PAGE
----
“That was the first time I realized, 'This is what I'm going to do,’” Anaya said. “It had an impact on me.”
Anaya was named the new executive director of the Rochelle Area Community Foundation in recent weeks and started her position June 1. After growing up in Rochelle, Anaya worked for Rochelle Community Hospital for nine years as foundation and community events coordinator before becoming supervisor of philanthropy and major gifts at SwedishAmerican Foundation in Rockford.
After being in healthcare for 16 years, Anaya was ready for something different. She has an appreciation for the impact that RACF has had on the local community. She’ll replace Kim Montgomery, who was executive director for 12 years.
Sunday, June 13
ROCHELLE — The City of Rochelle held a ribbon cutting ceremony Wednesday for its recently-completed wastewater plant improvement project.
The total cost of the project was just over $7 million and it included upgrading headworks equipment, converting aeration to biological phosphorus removal, upgrading the anaerobic lagoon, adding an office administration building and the conversion of the plant’s lab.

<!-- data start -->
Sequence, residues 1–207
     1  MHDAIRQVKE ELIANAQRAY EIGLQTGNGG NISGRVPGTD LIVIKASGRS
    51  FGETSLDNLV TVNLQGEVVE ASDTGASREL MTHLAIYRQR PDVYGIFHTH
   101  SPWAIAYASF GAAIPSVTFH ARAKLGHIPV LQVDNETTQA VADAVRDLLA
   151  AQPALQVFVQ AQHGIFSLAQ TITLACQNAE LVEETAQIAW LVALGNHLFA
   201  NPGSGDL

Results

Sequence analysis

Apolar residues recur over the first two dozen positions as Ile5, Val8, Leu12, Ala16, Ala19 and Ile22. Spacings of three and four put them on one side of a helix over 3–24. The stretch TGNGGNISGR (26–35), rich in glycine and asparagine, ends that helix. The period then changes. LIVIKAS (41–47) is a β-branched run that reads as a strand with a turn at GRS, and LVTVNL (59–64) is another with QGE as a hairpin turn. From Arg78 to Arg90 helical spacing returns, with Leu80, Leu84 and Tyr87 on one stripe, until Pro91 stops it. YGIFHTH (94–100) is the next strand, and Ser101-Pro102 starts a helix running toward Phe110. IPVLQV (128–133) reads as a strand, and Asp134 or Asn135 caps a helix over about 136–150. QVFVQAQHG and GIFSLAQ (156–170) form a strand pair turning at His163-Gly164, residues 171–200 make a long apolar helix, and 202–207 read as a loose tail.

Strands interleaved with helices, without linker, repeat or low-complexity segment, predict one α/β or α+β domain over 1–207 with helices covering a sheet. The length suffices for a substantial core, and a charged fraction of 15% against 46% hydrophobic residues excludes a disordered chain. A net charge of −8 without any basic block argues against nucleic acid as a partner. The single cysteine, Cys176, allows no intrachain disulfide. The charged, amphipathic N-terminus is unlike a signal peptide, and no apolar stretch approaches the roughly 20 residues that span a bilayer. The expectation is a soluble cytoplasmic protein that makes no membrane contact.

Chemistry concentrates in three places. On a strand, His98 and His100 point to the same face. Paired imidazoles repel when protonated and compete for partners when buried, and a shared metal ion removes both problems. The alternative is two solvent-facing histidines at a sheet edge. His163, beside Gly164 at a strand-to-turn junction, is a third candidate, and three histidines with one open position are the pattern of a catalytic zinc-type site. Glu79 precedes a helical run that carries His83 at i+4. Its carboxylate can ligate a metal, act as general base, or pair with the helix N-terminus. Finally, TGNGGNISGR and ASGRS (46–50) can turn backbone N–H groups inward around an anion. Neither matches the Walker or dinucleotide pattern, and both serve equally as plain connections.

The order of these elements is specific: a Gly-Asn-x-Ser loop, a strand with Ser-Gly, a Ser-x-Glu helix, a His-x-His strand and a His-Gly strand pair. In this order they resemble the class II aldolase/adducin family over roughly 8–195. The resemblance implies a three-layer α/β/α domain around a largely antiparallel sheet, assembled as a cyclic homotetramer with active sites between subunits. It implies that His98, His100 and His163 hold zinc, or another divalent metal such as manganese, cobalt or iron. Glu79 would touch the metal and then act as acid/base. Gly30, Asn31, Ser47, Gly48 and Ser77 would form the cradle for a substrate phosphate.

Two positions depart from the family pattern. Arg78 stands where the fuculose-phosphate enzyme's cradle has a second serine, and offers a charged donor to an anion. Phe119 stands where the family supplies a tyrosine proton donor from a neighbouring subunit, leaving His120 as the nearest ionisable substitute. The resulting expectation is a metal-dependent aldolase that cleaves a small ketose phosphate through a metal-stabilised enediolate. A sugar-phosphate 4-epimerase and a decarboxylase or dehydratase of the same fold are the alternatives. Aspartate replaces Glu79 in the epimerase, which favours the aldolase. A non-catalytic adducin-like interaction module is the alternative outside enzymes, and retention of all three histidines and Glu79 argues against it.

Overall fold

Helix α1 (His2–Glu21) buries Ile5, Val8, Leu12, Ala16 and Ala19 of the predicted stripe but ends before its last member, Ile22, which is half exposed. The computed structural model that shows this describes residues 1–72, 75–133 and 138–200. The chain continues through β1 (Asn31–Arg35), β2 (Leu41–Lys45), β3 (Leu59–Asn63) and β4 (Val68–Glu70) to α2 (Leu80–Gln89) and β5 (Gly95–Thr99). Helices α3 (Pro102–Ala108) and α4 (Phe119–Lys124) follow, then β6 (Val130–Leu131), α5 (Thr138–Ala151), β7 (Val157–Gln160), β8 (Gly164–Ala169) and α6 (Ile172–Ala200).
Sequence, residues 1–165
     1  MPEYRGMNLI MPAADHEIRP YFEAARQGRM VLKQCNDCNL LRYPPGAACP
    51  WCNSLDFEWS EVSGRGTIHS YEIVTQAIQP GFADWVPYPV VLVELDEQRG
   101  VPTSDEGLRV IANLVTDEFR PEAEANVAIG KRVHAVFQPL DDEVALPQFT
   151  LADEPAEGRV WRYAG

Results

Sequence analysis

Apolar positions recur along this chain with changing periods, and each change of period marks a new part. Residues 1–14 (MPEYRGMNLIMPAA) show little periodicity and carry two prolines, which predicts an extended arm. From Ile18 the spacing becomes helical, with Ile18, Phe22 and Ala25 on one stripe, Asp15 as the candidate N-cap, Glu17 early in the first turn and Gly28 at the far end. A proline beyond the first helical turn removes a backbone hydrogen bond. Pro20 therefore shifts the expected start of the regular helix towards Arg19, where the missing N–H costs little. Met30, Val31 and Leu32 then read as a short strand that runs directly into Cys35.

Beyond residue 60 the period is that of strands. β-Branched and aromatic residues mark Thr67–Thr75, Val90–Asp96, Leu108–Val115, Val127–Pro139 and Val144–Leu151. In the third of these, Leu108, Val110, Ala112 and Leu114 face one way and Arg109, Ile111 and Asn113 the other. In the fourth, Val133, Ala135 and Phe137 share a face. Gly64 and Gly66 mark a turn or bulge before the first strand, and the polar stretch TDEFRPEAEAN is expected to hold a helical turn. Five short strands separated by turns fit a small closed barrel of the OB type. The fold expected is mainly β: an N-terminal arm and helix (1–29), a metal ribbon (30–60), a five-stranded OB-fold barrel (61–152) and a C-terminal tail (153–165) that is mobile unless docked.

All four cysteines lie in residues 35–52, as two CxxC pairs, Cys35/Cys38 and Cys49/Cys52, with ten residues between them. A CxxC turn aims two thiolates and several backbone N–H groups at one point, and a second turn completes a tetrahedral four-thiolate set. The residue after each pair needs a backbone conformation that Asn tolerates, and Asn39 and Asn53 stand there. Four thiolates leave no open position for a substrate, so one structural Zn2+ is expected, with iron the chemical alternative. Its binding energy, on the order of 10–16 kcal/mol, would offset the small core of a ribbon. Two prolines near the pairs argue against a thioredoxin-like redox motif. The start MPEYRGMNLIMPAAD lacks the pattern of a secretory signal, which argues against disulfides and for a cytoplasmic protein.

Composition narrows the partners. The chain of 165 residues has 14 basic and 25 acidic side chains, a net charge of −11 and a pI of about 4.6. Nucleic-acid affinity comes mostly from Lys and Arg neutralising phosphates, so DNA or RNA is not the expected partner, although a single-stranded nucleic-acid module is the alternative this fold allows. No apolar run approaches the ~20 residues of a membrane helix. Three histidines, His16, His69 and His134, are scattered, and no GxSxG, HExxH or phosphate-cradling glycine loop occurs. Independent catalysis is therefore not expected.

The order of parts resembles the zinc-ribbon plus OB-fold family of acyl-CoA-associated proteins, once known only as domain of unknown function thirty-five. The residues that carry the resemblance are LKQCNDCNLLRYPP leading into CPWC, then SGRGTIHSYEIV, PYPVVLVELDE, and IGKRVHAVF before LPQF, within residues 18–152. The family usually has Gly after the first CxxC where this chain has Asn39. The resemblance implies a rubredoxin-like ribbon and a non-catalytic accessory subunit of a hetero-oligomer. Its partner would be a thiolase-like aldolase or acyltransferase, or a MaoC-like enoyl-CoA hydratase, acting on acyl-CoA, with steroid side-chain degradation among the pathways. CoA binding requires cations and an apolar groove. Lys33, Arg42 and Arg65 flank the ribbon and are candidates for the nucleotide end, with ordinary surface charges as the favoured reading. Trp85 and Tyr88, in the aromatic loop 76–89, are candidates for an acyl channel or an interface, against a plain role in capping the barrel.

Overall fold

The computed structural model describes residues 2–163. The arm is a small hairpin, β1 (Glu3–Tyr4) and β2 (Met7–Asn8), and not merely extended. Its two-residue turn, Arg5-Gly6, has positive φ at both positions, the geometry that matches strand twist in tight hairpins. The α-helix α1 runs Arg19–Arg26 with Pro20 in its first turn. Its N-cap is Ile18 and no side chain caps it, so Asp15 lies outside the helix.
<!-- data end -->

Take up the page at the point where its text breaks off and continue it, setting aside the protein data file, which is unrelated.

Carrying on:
Rochelle Municipal Utilities Superintendent Adam Lanning said the improvements will save time and keep RMU ahead of the curve with the Environmental Protection Agency.
Wednesday, June 16
ROCHELLE — Rochelle city officials made a plea to the public Monday to reach out to state lawmakers and the governor’s office in support of keeping the Prairie State Energy Campus in Marissa, Illinois open past 2035.
A proposed state energy bill would see the plant close earlier-than-planned in 14 years. The city has $150 million in debt left with Prairie State until 2042. Rochelle bought into the plant in 2007. The plant provides a large portion of Rochelle Municipal Utilities’ power.
Rochelle Mayor John Bearrows said at a Monday press conference that the negative economic impact the plant’s early closure would have on Rochelle is “huge,” “financially-devastating” and RMU would “probably” no longer exist as we know it today.
Wednesday, June 30
ROCHELLE — The City of Rochelle city council unanimously approved the tentative purchase of the Johnson Tractor building at 1030 S. 7th St. for $1.3 million at its Monday meeting.
The plan for the building is to consolidate Rochelle Municipal Utilities equipment and supplies. The offices will also be utilized by city and RMU staff and will consolidate these operations to a fewer number of buildings for city and RMU operations. The appraised price of the building was $1.255 million. City Manager Jeff Fiegenschuh advised the council to up the amount to no more than $1.3 million to cover potential closing costs.
“The whole idea is to consolidate operations into one location,” Fiegenschuh said. “We'll have the electric, water and water reclamation. I'd like to see some of the city side and potentially engineering down there. There's some opportunities to consolidate more operations into one location.”